Machine learning is growing more and more critical to many fields. From energy to finance to security, the ability to enrich, clarify, and associate large amounts of data accurately has provided measurable productivity increases and a level of insight previously absent. However, with the gains come increased developmental and operational difficulties, mostly surrounding the deployments of trained models, the automated repeatability of model generation, and historical tracking of model accuracy across windowed datasets, feature vectors, and model architectures. Right now, the engineering and tooling around machine learning in production environments is not widely discussed. Software engineers, however, have been dealing with sibling concerns for years and have mature tooling around it.
Zachary Hanif explores how to take advantage of that tooling and the associated lessons learned to improve the governance of models over and across time and the natural evolution of the understanding of the problem space. Zachary explains how to deal with three major concerns unique to the data science field though the use of modified CI tools : temporal drift (we need to measure, easily, how our models drift in accuracy over time) , context loss (model and feature evolution over time must be captured in a format that is resilient to information loss), and model reproducibility (historical sets of results, datasets, and trials must be retained and reproducible). The Cyber Security Machine Learning group at Capital One has directly encountered these concerns throughout its work. Complicating the matter is the fact that cybersecurity data is inherently adversarial and naturally drifts over time due to the evolution of network participants and usage. Zachary offers an overview of Model Monitor, a system developed by the Cyber Security Machine Learning group to provide automated model governance capabilities, describes system’s architecture and the lessons learned while working with this system, and gives a live demo.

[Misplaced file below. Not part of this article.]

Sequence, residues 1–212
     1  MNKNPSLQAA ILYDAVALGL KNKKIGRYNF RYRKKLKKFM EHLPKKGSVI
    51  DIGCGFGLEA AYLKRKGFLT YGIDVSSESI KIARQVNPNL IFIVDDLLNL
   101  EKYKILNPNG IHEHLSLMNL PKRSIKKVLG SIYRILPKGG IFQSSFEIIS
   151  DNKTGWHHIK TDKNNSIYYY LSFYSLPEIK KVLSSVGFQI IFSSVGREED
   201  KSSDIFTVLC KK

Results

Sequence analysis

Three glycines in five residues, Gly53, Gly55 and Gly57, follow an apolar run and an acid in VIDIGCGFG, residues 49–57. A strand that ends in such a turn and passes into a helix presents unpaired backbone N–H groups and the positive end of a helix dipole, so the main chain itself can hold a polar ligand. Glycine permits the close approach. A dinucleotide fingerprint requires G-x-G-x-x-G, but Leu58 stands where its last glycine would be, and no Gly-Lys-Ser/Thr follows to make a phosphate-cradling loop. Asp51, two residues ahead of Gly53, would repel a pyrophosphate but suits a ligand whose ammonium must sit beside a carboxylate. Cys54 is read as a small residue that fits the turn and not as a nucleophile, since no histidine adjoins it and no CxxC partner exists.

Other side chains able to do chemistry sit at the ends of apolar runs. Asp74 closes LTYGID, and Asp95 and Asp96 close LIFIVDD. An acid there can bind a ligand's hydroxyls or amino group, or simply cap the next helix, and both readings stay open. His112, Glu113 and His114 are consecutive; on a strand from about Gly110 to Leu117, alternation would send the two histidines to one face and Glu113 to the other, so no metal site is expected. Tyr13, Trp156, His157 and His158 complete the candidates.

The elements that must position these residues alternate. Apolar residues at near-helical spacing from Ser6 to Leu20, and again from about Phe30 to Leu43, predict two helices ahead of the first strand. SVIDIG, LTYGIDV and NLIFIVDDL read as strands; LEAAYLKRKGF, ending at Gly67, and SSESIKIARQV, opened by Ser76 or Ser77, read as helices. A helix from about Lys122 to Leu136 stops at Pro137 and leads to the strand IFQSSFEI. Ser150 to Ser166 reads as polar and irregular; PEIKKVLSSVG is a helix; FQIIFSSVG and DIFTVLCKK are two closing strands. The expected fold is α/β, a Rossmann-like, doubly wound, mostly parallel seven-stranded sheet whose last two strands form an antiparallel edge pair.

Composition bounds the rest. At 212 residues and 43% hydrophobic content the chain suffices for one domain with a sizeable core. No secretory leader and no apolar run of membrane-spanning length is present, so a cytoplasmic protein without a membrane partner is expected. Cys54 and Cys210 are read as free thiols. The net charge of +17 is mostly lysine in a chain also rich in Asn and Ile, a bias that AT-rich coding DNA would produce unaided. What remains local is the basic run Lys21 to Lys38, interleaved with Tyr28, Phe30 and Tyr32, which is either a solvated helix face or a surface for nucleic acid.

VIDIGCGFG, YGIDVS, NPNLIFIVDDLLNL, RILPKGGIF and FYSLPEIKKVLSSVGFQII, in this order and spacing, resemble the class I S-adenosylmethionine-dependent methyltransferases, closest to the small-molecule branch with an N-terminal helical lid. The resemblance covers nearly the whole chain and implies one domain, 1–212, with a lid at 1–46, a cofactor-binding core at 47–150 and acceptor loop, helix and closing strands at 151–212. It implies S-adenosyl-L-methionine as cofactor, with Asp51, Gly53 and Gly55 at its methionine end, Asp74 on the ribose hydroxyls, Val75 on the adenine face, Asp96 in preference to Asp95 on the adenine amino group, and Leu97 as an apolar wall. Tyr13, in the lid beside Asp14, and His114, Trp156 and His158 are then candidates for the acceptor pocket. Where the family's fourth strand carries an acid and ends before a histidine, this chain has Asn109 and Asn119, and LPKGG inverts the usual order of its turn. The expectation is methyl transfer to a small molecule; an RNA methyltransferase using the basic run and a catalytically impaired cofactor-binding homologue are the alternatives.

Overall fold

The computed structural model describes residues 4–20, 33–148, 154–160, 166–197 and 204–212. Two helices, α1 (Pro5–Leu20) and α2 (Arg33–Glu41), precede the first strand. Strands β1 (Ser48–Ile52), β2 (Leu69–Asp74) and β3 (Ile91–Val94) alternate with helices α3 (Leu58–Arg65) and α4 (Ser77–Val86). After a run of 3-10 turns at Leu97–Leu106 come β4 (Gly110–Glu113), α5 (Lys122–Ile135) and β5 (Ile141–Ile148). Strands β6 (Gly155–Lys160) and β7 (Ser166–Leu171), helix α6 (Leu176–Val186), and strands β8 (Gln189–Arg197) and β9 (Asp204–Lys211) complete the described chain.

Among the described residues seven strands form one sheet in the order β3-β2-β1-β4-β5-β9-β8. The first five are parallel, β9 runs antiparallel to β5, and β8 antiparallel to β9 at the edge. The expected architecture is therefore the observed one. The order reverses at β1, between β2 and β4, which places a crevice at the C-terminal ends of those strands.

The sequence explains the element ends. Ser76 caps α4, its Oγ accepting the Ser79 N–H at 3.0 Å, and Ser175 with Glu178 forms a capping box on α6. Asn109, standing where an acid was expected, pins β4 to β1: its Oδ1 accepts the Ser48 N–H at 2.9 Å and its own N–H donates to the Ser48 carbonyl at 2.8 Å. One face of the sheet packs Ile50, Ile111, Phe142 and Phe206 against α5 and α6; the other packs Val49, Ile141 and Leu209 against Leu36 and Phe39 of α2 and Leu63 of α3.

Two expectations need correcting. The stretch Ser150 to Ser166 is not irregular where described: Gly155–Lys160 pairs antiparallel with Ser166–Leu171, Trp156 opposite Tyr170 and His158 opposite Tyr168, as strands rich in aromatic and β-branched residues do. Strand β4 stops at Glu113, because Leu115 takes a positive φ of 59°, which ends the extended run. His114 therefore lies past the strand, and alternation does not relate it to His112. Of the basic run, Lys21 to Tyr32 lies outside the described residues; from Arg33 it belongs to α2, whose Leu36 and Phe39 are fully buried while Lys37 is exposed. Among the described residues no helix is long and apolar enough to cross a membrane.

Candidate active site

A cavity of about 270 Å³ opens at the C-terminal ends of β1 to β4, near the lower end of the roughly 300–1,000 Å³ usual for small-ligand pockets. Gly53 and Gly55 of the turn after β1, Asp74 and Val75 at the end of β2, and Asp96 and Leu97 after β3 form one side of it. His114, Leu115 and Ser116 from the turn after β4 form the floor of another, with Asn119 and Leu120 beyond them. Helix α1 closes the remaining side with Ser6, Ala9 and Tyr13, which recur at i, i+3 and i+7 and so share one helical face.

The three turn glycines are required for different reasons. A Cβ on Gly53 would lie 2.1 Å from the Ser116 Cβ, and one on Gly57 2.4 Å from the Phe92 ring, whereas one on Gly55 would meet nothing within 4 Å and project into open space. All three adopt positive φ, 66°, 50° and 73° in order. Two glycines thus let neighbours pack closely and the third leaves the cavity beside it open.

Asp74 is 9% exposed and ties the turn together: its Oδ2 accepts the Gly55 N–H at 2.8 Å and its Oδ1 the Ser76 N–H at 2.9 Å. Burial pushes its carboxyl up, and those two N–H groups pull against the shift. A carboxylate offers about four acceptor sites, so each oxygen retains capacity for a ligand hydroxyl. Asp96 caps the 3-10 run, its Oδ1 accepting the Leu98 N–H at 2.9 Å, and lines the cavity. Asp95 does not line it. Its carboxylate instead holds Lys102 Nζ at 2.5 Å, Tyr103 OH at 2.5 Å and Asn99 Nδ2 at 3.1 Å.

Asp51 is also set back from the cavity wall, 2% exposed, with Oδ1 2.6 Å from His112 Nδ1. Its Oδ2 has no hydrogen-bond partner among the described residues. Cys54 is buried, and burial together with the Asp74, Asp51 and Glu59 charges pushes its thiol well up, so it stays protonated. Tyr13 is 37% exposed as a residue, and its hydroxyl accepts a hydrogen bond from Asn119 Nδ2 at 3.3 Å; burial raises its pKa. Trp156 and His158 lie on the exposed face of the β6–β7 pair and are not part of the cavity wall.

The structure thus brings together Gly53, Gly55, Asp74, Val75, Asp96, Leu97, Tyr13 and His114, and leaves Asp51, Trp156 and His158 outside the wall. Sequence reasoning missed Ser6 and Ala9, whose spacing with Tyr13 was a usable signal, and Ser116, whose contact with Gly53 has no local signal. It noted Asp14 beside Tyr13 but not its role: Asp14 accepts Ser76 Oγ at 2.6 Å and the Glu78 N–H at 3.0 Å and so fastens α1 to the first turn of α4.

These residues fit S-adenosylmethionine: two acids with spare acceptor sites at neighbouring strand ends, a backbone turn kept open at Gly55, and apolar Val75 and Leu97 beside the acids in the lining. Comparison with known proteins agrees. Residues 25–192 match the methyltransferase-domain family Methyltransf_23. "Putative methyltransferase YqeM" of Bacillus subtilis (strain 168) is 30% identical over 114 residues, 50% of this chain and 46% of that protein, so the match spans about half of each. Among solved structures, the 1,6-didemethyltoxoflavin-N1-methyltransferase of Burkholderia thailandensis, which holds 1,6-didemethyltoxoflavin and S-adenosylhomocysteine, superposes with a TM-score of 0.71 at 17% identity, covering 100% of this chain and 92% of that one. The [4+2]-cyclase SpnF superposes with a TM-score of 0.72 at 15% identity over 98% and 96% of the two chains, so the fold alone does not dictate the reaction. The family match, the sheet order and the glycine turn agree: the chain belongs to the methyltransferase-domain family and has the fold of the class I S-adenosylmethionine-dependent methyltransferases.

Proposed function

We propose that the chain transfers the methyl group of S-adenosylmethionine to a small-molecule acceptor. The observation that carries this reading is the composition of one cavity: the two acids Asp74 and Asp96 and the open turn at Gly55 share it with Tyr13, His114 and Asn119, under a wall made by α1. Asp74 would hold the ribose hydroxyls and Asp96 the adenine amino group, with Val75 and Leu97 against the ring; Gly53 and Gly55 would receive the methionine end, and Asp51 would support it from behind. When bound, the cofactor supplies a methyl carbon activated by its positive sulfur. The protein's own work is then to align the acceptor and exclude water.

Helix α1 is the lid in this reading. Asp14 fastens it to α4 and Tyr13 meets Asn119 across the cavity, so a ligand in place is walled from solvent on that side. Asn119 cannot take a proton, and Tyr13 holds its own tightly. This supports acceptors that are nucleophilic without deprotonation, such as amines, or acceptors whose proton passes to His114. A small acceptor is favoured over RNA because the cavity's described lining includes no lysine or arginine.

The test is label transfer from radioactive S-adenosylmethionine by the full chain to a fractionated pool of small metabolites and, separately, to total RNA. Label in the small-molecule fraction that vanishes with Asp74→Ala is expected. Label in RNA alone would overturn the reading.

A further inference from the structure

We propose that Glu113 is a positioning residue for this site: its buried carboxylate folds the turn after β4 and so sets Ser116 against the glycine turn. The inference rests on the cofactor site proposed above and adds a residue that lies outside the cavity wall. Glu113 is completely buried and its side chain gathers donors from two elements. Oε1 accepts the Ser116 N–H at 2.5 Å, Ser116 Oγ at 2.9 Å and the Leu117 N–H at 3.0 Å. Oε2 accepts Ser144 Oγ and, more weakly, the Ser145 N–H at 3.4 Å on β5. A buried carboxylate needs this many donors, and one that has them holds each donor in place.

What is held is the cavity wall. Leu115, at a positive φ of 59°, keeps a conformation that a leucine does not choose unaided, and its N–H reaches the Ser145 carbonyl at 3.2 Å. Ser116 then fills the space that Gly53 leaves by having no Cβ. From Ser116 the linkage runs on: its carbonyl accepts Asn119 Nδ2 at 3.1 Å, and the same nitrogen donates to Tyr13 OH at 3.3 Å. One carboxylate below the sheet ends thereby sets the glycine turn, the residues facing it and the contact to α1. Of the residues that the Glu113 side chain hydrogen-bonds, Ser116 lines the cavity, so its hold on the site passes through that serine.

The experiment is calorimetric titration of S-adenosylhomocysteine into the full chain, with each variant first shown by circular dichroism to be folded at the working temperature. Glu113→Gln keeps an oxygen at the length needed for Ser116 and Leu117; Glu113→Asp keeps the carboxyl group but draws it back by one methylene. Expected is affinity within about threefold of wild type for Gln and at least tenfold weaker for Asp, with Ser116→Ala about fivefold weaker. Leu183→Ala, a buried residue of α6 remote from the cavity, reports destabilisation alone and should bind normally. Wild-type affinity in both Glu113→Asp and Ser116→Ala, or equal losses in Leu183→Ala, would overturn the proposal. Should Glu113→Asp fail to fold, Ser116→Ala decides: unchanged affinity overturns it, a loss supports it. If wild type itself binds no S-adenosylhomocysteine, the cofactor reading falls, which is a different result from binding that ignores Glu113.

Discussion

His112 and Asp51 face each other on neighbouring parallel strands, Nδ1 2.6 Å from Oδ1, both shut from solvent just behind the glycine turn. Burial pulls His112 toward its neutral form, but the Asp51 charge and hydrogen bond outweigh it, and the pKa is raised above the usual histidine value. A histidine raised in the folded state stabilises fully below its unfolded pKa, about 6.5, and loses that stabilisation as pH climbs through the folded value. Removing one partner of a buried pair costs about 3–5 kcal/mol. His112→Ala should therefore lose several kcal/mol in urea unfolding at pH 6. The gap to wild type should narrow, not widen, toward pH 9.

This session is sponsored by Capital One.
Zachary Hanif is a director in Capital One’s Center for Machine Learning, where he leads teams focused on applying machine learning to cybersecurity and financial crime. His research interests include applications of machine learning and graph mining within the realm of massive security data and the automation of model validation and governance. Zachary graduated from the Georgia Institute of Technology.
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